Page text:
Who, Exactly, Is Fueling the Vinyl-Records Renaissance?

LP sales keep rising, but mostly because of indie-rock fans and nostalgists—which isn't enough to "save" the music industry.
Reuters

The equation facing the music business is now well understood: Sales of CDs and digital music downloads are in what looks like a death spiral, while streaming music services are adding subscribers and increasing revenues but not yet profits.

But another corner of the music business is experiencing rapid growth: old-fashioned vinyl records.

According to the latest numbers from Nielsen Soundscan’s mid-year report, released last week, vinyl record sales in the U.S. were up more than 40% in the first six months of 2014, with 4 million units sold. In 2013, vinyl sales hit their highest level since at least 1991, with 6 million units sold. At the current pace, this year’s sales are on track to beat that again quite easily.

This trend isn’t new; it’s been going on for several years:


Vinyl Album Sales in the United States from 1993 to 2013 (in million units)

(Source: Quartz, Data: Nielsen SoundScan)

Nor is it only a U.S. phenomenon. In the music-obsessed UK, vinyl record sales last year hit their highest levels since 1997.

The top sellers so far in 2014 don’t dovetail at all with what is currently being streamed or downloaded, and give a good indication of who is buying vinyl. Basically, indie-rock fans and nostalgists.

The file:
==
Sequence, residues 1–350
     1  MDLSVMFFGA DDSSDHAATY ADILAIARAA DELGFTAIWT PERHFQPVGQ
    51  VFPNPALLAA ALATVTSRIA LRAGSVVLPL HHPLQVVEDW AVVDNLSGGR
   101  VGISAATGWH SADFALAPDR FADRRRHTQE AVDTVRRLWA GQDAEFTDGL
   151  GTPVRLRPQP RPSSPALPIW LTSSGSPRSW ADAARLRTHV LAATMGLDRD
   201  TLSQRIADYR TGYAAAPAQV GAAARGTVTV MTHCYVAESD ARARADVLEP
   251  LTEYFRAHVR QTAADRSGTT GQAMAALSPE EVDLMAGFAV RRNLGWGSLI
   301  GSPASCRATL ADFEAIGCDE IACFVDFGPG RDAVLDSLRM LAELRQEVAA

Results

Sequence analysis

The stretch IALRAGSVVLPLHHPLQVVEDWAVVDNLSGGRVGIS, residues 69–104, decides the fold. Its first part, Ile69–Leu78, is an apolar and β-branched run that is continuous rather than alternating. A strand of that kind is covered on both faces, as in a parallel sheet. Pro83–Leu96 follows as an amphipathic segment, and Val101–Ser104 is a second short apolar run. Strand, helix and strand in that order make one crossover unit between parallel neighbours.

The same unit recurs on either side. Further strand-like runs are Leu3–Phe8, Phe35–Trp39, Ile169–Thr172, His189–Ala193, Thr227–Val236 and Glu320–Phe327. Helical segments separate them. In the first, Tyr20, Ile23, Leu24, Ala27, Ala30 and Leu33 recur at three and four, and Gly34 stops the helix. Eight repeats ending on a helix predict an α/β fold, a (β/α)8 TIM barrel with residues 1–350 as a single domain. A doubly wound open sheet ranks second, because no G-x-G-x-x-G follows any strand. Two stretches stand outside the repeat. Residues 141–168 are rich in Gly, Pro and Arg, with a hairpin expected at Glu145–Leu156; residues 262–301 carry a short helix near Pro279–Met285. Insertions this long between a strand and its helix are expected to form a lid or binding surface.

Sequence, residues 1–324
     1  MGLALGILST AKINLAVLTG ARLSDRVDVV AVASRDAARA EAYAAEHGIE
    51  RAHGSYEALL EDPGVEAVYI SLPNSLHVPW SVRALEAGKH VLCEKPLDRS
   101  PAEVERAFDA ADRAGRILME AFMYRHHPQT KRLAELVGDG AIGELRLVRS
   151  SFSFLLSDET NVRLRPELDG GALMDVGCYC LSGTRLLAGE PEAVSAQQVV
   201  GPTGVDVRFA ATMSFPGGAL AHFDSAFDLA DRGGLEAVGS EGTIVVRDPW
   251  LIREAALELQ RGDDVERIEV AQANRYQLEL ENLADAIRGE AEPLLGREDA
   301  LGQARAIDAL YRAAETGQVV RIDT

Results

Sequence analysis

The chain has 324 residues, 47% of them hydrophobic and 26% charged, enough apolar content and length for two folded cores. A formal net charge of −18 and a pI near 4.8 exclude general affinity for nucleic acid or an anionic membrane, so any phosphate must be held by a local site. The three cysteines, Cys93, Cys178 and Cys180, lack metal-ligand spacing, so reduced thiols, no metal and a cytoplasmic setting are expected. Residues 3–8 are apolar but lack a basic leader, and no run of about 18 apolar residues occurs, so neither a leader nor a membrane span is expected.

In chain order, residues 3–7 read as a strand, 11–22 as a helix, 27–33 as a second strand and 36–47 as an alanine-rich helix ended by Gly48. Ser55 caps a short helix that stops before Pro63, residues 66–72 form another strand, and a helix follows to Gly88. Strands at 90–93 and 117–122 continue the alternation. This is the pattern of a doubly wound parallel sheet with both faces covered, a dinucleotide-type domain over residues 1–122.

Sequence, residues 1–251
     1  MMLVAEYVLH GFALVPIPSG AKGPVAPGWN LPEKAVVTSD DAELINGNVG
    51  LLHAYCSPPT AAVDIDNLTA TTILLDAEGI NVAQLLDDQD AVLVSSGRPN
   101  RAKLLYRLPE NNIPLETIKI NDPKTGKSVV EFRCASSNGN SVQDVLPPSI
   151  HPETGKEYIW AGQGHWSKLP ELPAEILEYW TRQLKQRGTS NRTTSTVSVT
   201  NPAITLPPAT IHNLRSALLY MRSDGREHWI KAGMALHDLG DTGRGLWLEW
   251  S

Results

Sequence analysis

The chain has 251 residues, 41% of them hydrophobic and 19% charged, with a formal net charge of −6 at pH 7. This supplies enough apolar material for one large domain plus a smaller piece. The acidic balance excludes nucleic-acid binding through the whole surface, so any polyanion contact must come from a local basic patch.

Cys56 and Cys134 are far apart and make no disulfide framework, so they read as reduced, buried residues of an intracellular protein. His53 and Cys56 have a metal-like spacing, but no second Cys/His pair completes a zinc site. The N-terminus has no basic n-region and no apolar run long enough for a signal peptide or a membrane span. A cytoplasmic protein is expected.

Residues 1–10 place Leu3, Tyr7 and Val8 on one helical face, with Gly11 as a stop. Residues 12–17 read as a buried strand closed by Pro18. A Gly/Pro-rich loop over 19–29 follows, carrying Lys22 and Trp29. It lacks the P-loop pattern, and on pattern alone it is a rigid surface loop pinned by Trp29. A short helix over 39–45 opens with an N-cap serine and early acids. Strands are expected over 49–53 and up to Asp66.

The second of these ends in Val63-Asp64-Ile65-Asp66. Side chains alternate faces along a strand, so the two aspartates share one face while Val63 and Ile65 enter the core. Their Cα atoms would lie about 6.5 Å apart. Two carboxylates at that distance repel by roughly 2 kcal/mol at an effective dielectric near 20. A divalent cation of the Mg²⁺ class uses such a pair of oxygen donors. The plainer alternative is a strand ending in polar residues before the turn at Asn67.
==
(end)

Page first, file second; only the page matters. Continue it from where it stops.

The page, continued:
Vinyl Record Sales in 2014

(Source: Quartz, Data: Nielsen SoundScan)

 


What does this mean for the music business overall? It suggests that Taylor Swift is right: The album does have a future, albeit a niche one. Or as Slate’s Will Oremus argued earlier this year growth in vinyl sales can be seen as “yet another manifestation of the societal fetishization of all things ‘vintage’ and analog, which is pretty clearly a response to digitization…”

Yet, while vinyl is growing, it’s not going to be the music industry’s savior. Total physical album sales were down 14.9% in the US in the first half of 2014, to just shy of 121 million units. CD sales led the way down, falling by 19.6% (there were still nearly 63 million of them sold), while digital album sales were down 11.6% to 53.8 million units. Set against that, the 4 million vinyl albums sold are an irrelevance.

Streaming, meanwhile, continues to flourish. On-demand streams were up 42% from a year ago (to more than 70 billion streams), of which audio streams (think Spotify, Rdio, Beats, etc) were up 50.1% and video streams (think Youtube, Vevo) up 35.2%.

The problem for the music industry is that the revenue generated by streaming (through royalties) is not making up for the decline in music ownership, at least not yet. However, when you add up all digital purchases of individual tracks and online streams, and combine them with physical sales, the total dollar “equivalent” of albums sold declined by only 3.3% in the first six months of 2014 (assuming 10 digital downloads, or 1,500 streams of a song, equals the dollar value of an album sale). This time last year the fall was 4.6%.

So who knows? If current trends hold up, even this gap could even be closed before too long—though it would take a lot longer for music sales to recover to the level they had before the streaming revolution began.

Presented by

John McDuling is a reporter at Quartz.

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